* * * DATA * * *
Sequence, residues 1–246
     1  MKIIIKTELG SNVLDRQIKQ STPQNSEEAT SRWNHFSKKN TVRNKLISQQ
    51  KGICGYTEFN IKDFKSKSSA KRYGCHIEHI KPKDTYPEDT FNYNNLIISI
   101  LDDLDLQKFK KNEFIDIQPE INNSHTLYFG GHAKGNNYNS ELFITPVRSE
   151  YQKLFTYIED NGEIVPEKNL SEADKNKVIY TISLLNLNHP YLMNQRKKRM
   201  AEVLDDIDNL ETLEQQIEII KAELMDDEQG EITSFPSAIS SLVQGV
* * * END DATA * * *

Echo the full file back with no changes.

Sequence, residues 1–246
     1  MKIIIKTELG SNVLDRQIKQ STPQNSEEAT SRWNHFSKKN TVRNKLISQQ
    51  KGICGYTEFN IKDFKSKSSA KRYGCHIEHI KPKDTYPEDT FNYNNLIISI
   101  LDDLDLQKFK KNEFIDIQPE INNSHTLYFG GHAKGNNYNS ELFITPVRSE
   151  YQKLFTYIED NGEIVPEKNL SEADKNKVIY TISLLNLNHP YLMNQRKKRM
   201  AEVLDDIDNL ETLEQQIEII KAELMDDEQG EITSFPSAIS SLVQGV